Smartphone Photography 101: Five Tricks For Taking Better Travel Photos –

Are you a photography enthusiast who is planning a vacation and wondering what camera to take?

While the image quality might be better on a DSLR, but carrying around bulky camera equipment in foreign countries isn’t quite a good idea.

So, perhaps you should reconsider.

The purpose of travel photography is for us to document our memories and highly likely we will share them with family and friends (*cough* Instagram *cough*). So, smartphones win hands-down in terms of portability and convenience.

Have a look at the five important things (at least I think so …) to consider to make your travel photos a much better ones 😉

Know the Rule of Thirds (and when not to use it) –

Image Source: Take & Talk Pics 
This, my friends, is the golden rule of photography.
Divide the canvas into thirds (and you will eventually have nine equal grid squares). The most interesting element should end up where the interception of lines are.

You can place your element slightly to the left or to the right — your choice. This will create a strong composition and focuses on the object.

This rule works 90% of the time. But feel free to also experiment.

Rethink the Cliche Shots –

Keep your eyes open for unique photo opportunities — and don’t be afraid to take a shot.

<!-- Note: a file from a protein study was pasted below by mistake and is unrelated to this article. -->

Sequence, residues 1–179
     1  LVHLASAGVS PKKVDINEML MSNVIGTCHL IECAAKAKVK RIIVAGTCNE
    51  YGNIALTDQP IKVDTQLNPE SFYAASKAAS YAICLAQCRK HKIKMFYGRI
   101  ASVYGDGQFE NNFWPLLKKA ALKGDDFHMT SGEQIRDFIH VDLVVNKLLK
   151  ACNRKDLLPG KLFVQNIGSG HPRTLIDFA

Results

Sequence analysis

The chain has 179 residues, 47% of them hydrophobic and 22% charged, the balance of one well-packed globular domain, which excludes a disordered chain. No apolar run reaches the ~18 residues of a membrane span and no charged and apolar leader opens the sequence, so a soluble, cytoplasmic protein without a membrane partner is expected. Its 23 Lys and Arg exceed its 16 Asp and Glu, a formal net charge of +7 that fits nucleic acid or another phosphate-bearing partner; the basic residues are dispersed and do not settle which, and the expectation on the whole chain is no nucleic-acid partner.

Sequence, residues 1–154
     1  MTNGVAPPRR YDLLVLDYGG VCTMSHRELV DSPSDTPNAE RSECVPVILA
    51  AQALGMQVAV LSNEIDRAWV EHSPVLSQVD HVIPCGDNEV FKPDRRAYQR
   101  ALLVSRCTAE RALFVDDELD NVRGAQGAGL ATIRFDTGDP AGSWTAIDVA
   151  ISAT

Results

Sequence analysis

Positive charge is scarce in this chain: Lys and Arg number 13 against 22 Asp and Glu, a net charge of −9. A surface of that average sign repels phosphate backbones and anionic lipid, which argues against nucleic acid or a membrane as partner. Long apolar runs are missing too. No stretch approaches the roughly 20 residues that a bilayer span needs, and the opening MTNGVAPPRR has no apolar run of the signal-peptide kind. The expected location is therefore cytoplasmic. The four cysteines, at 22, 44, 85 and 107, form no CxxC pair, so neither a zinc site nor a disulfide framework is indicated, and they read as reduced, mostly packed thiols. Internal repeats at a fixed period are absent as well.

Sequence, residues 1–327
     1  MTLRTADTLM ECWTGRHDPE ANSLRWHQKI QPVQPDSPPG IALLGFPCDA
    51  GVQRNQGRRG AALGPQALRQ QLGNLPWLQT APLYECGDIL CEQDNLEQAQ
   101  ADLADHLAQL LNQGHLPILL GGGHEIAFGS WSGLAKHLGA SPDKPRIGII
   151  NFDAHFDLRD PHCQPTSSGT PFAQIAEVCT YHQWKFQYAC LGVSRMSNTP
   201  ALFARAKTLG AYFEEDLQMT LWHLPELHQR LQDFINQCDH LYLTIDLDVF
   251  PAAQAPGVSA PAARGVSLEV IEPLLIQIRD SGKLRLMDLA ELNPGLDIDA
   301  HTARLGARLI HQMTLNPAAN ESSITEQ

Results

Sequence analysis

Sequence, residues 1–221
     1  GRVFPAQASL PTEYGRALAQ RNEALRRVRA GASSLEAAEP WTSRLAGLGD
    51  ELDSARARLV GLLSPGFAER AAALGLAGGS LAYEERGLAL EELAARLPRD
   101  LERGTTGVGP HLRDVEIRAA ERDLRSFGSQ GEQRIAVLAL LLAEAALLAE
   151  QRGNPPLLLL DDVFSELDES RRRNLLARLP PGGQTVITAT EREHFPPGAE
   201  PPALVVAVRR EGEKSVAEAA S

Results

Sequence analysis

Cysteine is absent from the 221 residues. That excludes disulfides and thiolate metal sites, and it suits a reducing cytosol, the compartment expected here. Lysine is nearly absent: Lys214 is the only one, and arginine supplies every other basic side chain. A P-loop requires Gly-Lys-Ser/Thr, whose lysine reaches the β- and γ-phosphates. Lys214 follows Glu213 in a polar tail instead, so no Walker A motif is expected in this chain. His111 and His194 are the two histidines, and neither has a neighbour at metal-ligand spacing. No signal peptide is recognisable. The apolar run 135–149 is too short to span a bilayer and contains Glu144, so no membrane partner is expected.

The best thing about smart phone photography: if you don’t like the shots, you can delete them later. But if you don’t take it in the first place, you’ll have no idea how it’ll turn out. Right?

Experiment with the angles and viewpoints. The last thing you need is shooting something the same way as everybody else.

Shooting from low angle is one way to show the scene from a different perspective. Something one will unable to see at a standing height.

So leave the cliché shots to tourists and try something new!

And oh. Don’t forget to look down, too 😉

Make Connection. Get Closer to People. Local People –

The sceneries might be beautiful.
But sometimes we tend to forget that the locals have their own stories to tell too. If you’re shooting from a distance, no problem. But if you’d like to take a close-up shot of them — please, please, please — be polite and ask for permission first.

I find it interesting to photograph people in their own environment. It helps contextualize the portrait and viewers will be able to see what’s there.

Don’t Use the Flash –

Never, ever use the flash. Unless it is absolutely necessary.
It ruins the quality and will wash out your photographs. But instead, play with the dark. Use the contrast to create an amazing shot.

Hard to believe, maybe. But try it.

Let Your Photos Tell Stories –

A good photo tells a story. And that’s what photography is all about — letting viewers in to the experience while not being there physically themselves.

Sometimes the action of the subject tells a story by itself.

Image Source: Elle’s Studio

The trick is: compose your subject well and take a shot at the right time. You need to often do this quickly so use the burst mode (simply hold the shutter down to take series of shots — on an iPhone) and pick the best shot later.

There you have it — some really simple tricks to help you during your next travel.
Be open to experimenting, too.